The world’s oldest person (116 years young woman) the other day said the keys to her longevity are avoiding junk food and minding her own business.
Most of you shouldn’t be alive and reading this at all if that needed to be true for all of us.
We can’t not eat junk food (at some time or another), and we always are sticking our noses into other people’s affairs; it’s just how we roll. We can’t help it, as to a degree, it’s probably written into our DNA.
I tend to take my cues for longevity, at least quality longevity, from the domesticated animal kingdom.
Take a look at our dogs and cats for instance…
They don’t have spoken language, at least not to the extent that us humans do. They do just fine, however, most of the time when we aren’t stressing them out in one way or another.
How do they manage a long, peaceful existence on the planet?
They simplify their life, that’s how.
They don’t let stress get the upper handle on their happiness. That is, unless of course, we are constantly arguing loudly with other members of the household or not being kind to them.
So, animals in good homes have minimal stress to contend with.
That leaves their lives to these four basic principles for contentment:
Eat. Sleep. Play. Poop.
As humans, we tend to get high and mighty living at the top of the scrap heap known as the food chain.
We are all so self-important, we lie, cheat and are mean to one another.
The poor behavior we engage in all too often places stressors on our bodies.
We break down. We may live a long time, relatively speaking, but our quality of life surely suffers when we complicate things by acting badly.
Some people used to urge us to get back to the country to simplify things, to resume the four happiness ingredients that are eating, sleeping, playing and pooping.
Animals are sort of in the country—they have back yards, or go on “countryside” walks and we pick up the poop they make.
I swear you can see them smiling sometimes as you scoop their waste neatly, or as neatly as possible, into a plastic bag. That’s some funny stuff (and I think it is to them, too). Don’t you love it when your dog proudly kicks his hind legs back, shooting piles of dust and debris over the general vicinity of his droppings? That’s happy pooping pride manifesting itself, ladies and gentlemen!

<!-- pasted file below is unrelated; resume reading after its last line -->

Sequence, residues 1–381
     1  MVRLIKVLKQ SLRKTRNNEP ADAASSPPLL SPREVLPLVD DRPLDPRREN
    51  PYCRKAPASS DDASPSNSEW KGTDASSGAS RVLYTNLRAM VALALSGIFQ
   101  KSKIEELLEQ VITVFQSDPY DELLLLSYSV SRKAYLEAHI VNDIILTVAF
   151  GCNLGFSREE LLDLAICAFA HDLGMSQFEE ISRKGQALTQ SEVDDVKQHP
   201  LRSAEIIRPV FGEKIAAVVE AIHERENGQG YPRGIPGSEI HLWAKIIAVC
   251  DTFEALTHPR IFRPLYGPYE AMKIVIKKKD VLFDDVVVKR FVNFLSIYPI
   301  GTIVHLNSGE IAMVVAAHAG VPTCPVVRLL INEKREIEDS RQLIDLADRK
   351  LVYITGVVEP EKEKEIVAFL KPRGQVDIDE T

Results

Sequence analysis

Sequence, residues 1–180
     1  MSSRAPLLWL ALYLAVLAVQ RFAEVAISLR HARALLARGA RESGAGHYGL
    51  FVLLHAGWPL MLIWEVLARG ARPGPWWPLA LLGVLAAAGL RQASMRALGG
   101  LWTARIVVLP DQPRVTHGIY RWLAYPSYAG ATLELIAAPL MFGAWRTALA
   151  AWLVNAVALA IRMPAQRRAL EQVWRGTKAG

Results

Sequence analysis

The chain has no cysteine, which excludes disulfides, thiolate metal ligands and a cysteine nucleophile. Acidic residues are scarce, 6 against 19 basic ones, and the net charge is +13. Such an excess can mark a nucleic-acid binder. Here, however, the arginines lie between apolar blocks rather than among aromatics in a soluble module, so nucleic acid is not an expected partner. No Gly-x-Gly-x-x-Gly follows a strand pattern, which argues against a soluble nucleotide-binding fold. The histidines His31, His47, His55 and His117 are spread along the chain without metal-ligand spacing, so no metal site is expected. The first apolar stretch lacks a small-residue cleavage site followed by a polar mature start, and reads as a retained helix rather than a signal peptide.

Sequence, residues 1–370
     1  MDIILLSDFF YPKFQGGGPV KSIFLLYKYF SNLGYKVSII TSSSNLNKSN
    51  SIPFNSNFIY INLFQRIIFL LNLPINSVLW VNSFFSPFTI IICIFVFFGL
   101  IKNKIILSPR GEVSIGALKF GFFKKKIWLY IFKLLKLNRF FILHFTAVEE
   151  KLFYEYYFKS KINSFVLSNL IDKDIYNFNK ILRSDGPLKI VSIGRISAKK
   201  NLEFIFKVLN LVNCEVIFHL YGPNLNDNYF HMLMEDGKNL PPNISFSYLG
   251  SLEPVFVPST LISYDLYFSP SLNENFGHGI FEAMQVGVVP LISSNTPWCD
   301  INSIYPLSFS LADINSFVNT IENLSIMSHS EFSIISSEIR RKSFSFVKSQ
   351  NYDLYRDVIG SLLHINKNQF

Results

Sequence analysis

I secretly hope print media like newspapers never completely die as the plastic wrappers they are delivered in make perfect waste receptacles for this necessary endeavor of “scoopage.” Newspaper writers may still have news story “scoops,” but we animal lovers get to actually “scoop” with the plastic that surrounds their scoops—can you dig it?
But, seriously, take a look at your animal.
He or she will usually have a calming effect on even the most neurotic of us, with their daily displays of unconditional love.
Animals know instinctively that it’s better to give than to receive.
We as humans have our moments when we are thinking along the same lines, but for the most part, there are quite a few days where we are not able to even muster a hello to a stranger in passing, let alone perform a completely selfless act on behalf of another, less fortunate human being.
So, we complicate our lives to the point we make ourselves sick and we die too young as a result.
If we aren’t predisposed to some genetic abnormality, illness nor have an accident of some kind that leaves us less than intact at some point in our lives, we are mostly given a clean slate to live as best we can health-wise.
Now cats and dogs don’t live long actual numbers of years like we do, but I like to assign the dog life “seven years for each one year” theory, and that has some beasts living into their 90s and 100s.
So, to summarize…minimize your stress, give and love unconditionally and remember that doing anything beyond eating, sleeping, playing and pooping is potentially compromising your overall longevity and happiness.
And thank you for picking up after your pets, too.